Monday, June 27, 2016

The Cormier book I'd heard the most about

The Chocolate War, Robert Cormier
Eugh.  Cormier makes me want to shower.  I bought or traded for a second-hand copy of this book because I hear and read about it all the time.  Plus I thought The Rag and Bone Shop was a profound discussion piece.  This is that again, but it's also so depressing! And with a generous smattering of alarming content.  Let's break this down;
  • The overall feeling I had upon finishing the book was mostly simply put: grim frustration.  In more detail: it was anger, sadness, irritation, respect, and fascination all at once.  I am so angry about how it ended and angry that things like (and worse than) this fiction are real.  I was sad for the characters -- and those in reality -- who face exclusion, peer pressure and darkness of this kind.  I was irritated by the stereotypes that pervaded the novel.  I was both irritated and filled with respect that the book is still relevant more than 40 years after it was written.  I am embarrassed to say that I was grossly fascinated to see what would happen and still fascinated when it closed by the darkness of sororities / secret societies.  I almost wanted to go googling.  I didn't. 
  • From an English teaching perspective, I think this book has a lot of mileage for discussion. I wouldn't want to discuss it with anyone but seniors, but I think talking about what is relevant and what would need updated for millennials is really interesting.  How would this play out in a school near them?  How would this play out in their idea of an American prep school now?   What updates would you make if you were asked to adapt a screenplay for a film to be released set now?  What is a comparative text from the past five years?  Which characters align with each other?  What did you want to happen?  Aaaaaah...I could talk about this for a long time with students.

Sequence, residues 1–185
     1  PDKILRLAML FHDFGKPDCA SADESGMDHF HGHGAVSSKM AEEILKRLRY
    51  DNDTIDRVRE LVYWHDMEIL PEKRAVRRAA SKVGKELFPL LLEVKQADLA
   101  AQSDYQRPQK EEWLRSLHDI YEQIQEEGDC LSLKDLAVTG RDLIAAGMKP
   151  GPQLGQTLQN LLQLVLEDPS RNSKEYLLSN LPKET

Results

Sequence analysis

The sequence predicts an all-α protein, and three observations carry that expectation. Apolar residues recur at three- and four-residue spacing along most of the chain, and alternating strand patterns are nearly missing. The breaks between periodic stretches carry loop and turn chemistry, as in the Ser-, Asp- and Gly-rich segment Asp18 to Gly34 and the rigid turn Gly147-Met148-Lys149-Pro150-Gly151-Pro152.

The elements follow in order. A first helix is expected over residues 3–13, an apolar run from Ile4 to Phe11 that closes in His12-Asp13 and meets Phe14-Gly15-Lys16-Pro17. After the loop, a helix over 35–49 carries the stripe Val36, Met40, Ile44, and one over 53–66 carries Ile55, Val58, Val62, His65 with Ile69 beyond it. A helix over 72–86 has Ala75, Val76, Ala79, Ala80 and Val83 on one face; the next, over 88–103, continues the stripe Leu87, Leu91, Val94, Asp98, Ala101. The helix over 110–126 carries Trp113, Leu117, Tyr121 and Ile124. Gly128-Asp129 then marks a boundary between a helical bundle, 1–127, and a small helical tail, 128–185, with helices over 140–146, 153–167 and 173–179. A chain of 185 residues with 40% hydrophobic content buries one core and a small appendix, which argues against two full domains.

• The book has been controversial for many reasons.  I get all those.  In addition to blasphemy, smoking, violence, multiple crude references to masturbation and petting, there's an underlying suggestion that good does not always triumph over evil; that sometimes, life isn't like that.  I'm not sure how I feel about that.  Because the thing is, sometimes this is true. Sometimes (oft-times) the jerks get away with their stuff and the good guys get hurt.  Oft-times school is hard for good guys.  There's a story there. But the book virtually glamourises YA mutiny!  What is more disturbing, is...
  • This book has stacks of sexist content.  It may have made waves in the 70s for being occasionally vulgar (it's as vulgar as Looking for Alaska -- which is on recommended reading lists I've seen for high-schoolers), but for our generation, forget the crude content, the sexist stuff is what would cause the real storm!  Not only are female characters virtually absent from the story, in their brief presentation they are 100% sexual objects.  This angered me on so many levels.  Whether this is Cormier's view or his subjective offering of his characters' male gaze -- either way it is so wrong.  I'm not denying there are disappointing views of women out there -- that perhaps I was being invited to step into the minds of young men who hold those disappointing views -- but there was nothing to suggest an alternative view.  The words "rape by eyeball" were used in this book.  The expression "boys will be boys" was used in this book.  A boy touches himself when he is looking at a girl.  Surely there is a way to reflect how some boys can be or how charged these years can be without saturating every female moment with objectification and all-out lust?  (Really, there aren't appreciative observations of beauty either, only ones that cross into lust territory.)  And if Cormier is saying that a prep school world is like this -- everything is about sex for these boys -- is it always so vulgar and out of the boys' control?  It was such an insulting view of young men.  Yes, saying women are only as interesting as how tight their sweaters are is disgusting, but so too is implying that there is no decency in a serious throng of representative male voices.  Having worked in all-boys school, I felt there was some authenticity in the crudeness here (oh, the ways many of my students found innuendo in the smallest thing I said), but not all boys are single-minded arousal-bots.  That's unfair.
  • The insight outside of the sexual into the young male mind was interesting.  For this, I prefer Schmidt of course.  So much.  But he doesn't cover secret societies, and...
  • The treatment of the secret society is imaginative and engrossing.  I was into these moments.
  • The multiple viewpoints work surprisingly well.
Gah.  This book.  It raises so many questions -- questions I'd like to raise with my daughters at the appropriate time.  But I'm hoping I find a better text as a springboard, because...holY(!)...insulting!  If you have read this book, I want to hear from you.
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